Discovering music in our Third Age has been like a miracle for Taggart and me. And this is how it happened:
It all started when John retired, at the end of 2010. We had talked about him maybe returning to the piano, but only
The podcast I retrieved from the Vault this week is one of my favorite montages, and one that exceptionally lasts more than 90 minutes.
Before I begin, let me say that I rarely program “repeat works” in these pages, and certainly would avoid programming a major work I discussed only a few weeks ago. However, the circumstances – and the performance – are noteworthy enough
Updated Apr-11-2015 at 13:23 by itywltmt
Beethoven's Diabelli Variations, Op. 120. Alfred Brendel described it as "the greatest of all piano works", Schoenberg called it Beethoven's "most adventurous work" with regard to its harmony. There have been a couple of old threads on this work, but here's a new one for new members and anyone interested or intrigued by this work. Like it, don't like it? Any general thoughts, favorite recordings, analysis, let us know!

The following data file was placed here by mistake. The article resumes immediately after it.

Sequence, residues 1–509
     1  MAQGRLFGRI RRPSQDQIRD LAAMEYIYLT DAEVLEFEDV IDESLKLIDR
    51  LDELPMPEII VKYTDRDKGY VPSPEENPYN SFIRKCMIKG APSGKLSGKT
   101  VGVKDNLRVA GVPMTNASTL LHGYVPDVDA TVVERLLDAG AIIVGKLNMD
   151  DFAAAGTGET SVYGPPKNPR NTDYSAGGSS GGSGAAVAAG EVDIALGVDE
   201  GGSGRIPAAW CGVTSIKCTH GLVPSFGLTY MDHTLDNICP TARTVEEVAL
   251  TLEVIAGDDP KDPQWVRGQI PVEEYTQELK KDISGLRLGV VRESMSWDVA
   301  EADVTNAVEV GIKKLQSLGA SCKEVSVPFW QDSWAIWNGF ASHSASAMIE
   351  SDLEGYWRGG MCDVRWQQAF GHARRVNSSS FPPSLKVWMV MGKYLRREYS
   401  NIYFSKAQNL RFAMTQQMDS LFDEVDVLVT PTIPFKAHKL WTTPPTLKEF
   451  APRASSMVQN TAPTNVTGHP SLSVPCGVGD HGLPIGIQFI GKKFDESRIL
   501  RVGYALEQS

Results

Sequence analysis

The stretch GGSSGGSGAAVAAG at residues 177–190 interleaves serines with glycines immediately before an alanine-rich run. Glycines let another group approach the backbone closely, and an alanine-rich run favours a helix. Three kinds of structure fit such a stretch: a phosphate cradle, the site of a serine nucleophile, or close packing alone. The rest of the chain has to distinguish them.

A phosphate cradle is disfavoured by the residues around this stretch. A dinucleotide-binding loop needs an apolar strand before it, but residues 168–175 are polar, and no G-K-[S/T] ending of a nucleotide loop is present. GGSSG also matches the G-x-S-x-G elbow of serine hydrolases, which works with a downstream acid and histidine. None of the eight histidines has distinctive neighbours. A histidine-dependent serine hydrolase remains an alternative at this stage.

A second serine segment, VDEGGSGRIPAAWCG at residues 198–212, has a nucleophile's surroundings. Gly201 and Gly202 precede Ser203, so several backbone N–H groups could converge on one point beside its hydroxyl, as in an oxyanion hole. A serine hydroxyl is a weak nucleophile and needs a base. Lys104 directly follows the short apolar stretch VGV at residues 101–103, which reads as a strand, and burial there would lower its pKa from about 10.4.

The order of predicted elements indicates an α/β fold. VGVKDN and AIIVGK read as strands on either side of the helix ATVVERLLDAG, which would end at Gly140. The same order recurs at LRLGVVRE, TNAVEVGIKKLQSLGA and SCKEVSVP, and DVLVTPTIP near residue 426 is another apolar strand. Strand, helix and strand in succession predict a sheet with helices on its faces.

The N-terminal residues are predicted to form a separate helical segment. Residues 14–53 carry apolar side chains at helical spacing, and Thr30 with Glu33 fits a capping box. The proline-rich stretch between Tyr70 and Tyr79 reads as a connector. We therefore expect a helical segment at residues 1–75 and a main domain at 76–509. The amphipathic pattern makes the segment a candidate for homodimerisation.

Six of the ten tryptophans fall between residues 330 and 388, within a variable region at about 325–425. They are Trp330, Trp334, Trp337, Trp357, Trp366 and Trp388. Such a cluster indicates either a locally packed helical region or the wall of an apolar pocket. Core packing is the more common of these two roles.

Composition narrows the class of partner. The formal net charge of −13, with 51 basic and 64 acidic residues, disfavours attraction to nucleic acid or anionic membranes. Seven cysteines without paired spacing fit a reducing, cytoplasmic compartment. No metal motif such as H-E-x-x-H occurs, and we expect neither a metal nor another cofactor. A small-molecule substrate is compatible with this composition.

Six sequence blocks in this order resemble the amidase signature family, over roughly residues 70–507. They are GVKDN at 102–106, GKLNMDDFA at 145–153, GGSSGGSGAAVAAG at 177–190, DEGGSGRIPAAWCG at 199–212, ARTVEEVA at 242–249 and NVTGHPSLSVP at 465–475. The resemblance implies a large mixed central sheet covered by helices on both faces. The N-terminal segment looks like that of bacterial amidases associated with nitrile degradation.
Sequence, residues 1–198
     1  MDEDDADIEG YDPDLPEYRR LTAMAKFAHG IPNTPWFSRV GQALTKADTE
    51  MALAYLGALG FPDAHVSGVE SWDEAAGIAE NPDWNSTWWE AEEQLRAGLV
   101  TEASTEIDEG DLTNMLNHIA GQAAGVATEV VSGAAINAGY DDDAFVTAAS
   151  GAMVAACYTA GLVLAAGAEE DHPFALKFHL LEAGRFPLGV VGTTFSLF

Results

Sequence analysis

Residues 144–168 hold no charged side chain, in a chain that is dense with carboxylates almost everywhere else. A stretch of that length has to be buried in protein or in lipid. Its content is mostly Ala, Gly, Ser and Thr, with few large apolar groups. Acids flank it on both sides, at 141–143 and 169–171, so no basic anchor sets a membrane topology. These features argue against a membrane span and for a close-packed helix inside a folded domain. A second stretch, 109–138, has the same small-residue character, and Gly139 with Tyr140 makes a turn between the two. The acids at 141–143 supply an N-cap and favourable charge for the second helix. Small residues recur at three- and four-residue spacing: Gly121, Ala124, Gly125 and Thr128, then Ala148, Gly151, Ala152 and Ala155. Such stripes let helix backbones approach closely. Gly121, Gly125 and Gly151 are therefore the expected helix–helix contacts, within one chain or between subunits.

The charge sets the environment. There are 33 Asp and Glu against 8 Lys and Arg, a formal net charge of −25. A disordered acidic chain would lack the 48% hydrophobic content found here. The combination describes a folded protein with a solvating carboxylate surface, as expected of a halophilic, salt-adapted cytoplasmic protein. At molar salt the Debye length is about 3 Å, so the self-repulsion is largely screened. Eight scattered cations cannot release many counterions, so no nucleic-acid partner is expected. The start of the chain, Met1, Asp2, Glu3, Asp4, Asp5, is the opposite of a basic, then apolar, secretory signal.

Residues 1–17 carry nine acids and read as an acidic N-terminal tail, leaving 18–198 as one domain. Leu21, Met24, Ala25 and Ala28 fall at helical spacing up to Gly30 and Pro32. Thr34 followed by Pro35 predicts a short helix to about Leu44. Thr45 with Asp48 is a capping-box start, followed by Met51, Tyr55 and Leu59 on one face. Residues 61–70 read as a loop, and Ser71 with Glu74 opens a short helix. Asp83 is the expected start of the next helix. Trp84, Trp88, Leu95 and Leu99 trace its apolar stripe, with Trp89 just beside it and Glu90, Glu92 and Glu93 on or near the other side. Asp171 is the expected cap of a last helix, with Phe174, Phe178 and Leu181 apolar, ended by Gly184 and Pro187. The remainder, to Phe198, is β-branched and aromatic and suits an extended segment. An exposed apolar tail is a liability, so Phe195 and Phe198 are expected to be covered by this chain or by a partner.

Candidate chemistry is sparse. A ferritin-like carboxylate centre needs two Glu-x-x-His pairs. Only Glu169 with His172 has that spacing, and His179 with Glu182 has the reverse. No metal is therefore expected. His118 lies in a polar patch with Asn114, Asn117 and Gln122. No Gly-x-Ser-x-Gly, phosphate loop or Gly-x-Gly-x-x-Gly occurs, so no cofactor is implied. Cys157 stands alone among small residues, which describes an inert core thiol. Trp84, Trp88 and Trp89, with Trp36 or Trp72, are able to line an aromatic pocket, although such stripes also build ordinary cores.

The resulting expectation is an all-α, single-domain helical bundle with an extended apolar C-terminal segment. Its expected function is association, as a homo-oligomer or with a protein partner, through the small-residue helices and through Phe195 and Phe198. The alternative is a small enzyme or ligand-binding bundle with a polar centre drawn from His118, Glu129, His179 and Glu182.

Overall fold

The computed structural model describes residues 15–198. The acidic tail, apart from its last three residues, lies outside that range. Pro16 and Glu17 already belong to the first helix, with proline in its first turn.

Personally, I think it's his finest solo piano
As our Holy Week installment of the Tuesday Blog, I chose to program a "bonus" selection from the Podcast Vault which will be posted on our Podcast channel exceprionally for one week only.
This particularpodcast presents two works that pertain to the Biblical events surrounding the Crucifixion. The works span nearly 150 years, from the latter part of the 19th century to the 1930’s.
Updated Mar-31-2015 at 11:28 by itywltmt
I will admit to not liking Bruckner's Third Symphony nearly as much his First or Second. I have heard this work nearly or close to 8 times now. I don't expect myself to fall head-over-heels in love with the work suddenly.
The opening is explosive. And I mean it. Close to exploding instruments anyway. Karajan really had perfect skill for maximum power and at the same time that emotional intensity. A